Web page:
Indifferent - Nightreports - Nightreport 1
This e-mail is coming directly from the sleeping lab
at Stanford. Supervisor is no
one else than Dr. Stephen LaBerge. I'm glad to make my first
Night-Report and take this occasion to explain some of those things,
which are going on when I spend my nights here in Stanford.
For what those measurements? These three measures are indicators for
different sleep stages. All in all there are five different
sleep-stages. All these stages differ in the curves from the EEG, EOG
and EMG. When we fall asleep we can observe sleep stage 1. The EEG
shows alpha-waves and the eyes start to roll slowly. Where exactly the
sleep-onset is, is hard to tell. Ten people would say something
totally different. Per definition the sleep-onset is when the person
who falls asleep actively suppresses the perception of the external world. An example should
clarify this point, if we take someone who is pretty tired and we would place
him in front of a big light and we would turn on the light every 15
sec for 2 sec. Than we would ask this person to push a button every
time when he sees the light. Per definition, this person would sleep
when he is no longer able to push the button, but the light is on.
Would we ask him afterwards if he saw the light, he would answer
"No, the light was off".
REM-sleep and dreaming
And now? After we went through all those stages we start to dream. Dreams are highly correlated with the REM-stage (Rapid Eye Movement), this means if we wake people up from a REM-stage, 80% of the people would probably remember a dream. What are the indicators for REM-stage?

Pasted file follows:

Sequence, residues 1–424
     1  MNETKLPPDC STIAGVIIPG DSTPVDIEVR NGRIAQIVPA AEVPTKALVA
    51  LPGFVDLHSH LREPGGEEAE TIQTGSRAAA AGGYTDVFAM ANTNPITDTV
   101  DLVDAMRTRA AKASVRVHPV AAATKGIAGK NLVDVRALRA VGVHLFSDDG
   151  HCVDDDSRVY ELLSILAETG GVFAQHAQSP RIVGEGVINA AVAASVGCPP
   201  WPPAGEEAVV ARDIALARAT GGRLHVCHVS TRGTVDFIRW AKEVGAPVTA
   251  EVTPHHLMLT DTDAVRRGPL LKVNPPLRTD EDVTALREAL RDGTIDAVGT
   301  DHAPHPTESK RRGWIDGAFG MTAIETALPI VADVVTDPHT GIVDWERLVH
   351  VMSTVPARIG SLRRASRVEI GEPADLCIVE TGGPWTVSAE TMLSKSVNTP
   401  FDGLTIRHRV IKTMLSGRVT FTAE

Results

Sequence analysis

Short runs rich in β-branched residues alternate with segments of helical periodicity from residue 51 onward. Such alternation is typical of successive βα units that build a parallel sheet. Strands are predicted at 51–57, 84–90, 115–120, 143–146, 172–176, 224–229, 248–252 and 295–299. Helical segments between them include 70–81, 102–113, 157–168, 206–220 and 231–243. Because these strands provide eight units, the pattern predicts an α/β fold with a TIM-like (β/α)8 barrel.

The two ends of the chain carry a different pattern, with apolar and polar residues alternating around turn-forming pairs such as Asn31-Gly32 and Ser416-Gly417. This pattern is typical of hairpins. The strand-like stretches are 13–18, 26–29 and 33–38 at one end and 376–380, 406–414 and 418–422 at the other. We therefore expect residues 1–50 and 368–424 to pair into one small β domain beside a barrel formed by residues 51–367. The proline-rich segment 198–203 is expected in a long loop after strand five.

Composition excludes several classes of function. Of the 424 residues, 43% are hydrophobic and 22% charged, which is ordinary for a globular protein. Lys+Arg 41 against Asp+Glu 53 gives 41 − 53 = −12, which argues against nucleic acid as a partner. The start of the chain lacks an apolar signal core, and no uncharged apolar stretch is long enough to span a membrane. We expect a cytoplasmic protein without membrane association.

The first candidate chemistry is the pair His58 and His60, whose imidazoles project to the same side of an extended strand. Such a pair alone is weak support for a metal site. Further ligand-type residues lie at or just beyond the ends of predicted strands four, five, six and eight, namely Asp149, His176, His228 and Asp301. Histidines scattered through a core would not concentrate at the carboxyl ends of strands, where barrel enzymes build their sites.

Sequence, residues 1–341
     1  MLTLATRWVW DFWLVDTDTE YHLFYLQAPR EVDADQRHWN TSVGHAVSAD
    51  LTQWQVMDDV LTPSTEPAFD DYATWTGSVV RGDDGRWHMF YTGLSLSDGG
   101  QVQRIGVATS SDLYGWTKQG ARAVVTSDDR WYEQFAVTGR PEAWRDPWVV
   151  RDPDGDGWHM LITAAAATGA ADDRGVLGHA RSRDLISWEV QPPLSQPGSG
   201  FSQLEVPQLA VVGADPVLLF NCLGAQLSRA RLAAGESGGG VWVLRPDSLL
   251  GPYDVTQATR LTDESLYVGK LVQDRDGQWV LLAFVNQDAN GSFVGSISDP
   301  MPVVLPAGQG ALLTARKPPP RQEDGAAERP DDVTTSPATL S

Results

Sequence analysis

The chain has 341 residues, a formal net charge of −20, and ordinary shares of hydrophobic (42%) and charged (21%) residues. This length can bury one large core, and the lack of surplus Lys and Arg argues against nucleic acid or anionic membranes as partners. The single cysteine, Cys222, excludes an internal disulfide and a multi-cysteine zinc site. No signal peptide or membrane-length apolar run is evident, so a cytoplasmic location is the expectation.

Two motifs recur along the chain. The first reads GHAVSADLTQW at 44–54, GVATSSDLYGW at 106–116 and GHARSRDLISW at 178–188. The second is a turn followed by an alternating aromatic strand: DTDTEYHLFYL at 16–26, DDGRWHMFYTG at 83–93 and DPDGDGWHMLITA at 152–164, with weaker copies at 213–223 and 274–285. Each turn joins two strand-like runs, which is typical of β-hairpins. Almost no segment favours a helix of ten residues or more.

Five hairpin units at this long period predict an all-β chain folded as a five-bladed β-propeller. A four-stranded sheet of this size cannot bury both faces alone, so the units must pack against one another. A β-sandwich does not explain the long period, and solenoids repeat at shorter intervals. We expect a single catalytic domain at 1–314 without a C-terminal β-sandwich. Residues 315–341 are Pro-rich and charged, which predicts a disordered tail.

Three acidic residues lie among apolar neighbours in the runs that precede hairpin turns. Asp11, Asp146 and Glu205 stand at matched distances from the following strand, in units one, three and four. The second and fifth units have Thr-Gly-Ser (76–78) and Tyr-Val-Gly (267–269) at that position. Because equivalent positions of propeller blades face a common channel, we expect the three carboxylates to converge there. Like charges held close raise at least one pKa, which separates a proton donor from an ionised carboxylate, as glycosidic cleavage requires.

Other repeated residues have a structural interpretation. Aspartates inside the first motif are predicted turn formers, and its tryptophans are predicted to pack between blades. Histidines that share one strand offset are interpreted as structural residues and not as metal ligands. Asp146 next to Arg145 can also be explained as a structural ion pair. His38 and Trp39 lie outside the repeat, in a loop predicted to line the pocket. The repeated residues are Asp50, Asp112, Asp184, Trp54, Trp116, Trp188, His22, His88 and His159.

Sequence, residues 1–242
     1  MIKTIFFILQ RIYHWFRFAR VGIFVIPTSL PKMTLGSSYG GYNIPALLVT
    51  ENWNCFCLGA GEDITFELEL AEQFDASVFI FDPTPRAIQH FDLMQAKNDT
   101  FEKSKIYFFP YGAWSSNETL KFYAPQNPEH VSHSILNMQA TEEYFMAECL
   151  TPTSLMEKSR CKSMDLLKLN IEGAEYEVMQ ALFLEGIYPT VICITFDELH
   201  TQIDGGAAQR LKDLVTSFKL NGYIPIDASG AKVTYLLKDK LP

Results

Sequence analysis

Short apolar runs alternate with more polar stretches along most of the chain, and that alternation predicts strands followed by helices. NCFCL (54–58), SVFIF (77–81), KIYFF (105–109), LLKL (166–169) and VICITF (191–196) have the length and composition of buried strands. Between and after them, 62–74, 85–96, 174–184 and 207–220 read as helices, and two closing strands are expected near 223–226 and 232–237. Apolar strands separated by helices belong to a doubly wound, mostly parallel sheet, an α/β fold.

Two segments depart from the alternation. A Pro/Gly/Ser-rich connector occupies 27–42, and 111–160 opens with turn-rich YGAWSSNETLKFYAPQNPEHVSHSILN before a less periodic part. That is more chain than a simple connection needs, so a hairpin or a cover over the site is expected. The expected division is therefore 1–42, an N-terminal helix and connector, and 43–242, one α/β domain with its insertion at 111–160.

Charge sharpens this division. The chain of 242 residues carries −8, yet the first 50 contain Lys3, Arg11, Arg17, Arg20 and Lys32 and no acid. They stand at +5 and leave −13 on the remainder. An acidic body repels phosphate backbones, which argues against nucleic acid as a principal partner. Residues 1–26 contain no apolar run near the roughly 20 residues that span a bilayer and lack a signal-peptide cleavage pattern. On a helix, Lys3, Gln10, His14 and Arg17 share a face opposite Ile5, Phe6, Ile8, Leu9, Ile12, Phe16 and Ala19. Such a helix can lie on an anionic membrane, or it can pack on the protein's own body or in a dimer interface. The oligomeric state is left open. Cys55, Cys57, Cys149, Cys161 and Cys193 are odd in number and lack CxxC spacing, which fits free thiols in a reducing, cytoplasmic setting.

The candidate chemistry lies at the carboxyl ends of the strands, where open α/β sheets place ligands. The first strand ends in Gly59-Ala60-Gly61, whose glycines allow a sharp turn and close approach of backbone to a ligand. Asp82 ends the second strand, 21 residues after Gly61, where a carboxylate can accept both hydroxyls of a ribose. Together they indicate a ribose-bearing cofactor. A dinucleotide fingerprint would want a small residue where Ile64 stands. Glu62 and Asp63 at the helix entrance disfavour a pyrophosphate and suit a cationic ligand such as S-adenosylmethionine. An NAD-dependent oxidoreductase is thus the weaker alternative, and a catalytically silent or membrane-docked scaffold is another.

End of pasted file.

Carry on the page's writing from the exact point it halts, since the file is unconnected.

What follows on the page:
That our body is paralyzed is good, because this prevents us that we do not act our dreams in the real world. After the REM-stage the whole cycle starts from the beginning up to six times per night. If we have a normal person in the lab his sleep profile would look like figure 3.
The electroencephalogram (EEG) is a time-varying electrical signal recorded from electrodes attached to the scalp of a human subject. The signal arises from action potentials - short-lasting changes in potential difference - within the neural cells of the brain and, as such, are a measure of brain activity. Identifiable features of the EEG can be used to differentiate between the brain states of the patient, for example, during sleep, quiet wakefulness, etc. Any recording system for the EEG requires the following components:
A number of different configurations have been proposed for electrode placement but the 10-20 International System is now the most common layout in use. The electrode positions and labels for the 10-20 system are shown in the figure 4.
Borbély, A. (1998). Das Geheimnis des Schlafs. Neue Wege und Erkenntnisse der Forschung [Electronic version]. (Original work published 1984. Stuttgart: DVA.). Retrieved May 23, 2001, from http://www.unizh.ch/phar/sleep/buch/TITEL.htm
Davila, C. E. (1997/Administrator). Normal EEG Rhythms. Retrieved October 25, 1999, from http://www.seas.smu.edu/~cd/EE5340/lect11/sld018.htm
Garskadon, M. A. (1980). A manual for polysomnography (PSG) technicians. Unpublished manual: Stanford University.
[13. Juli 2004] [kontakt]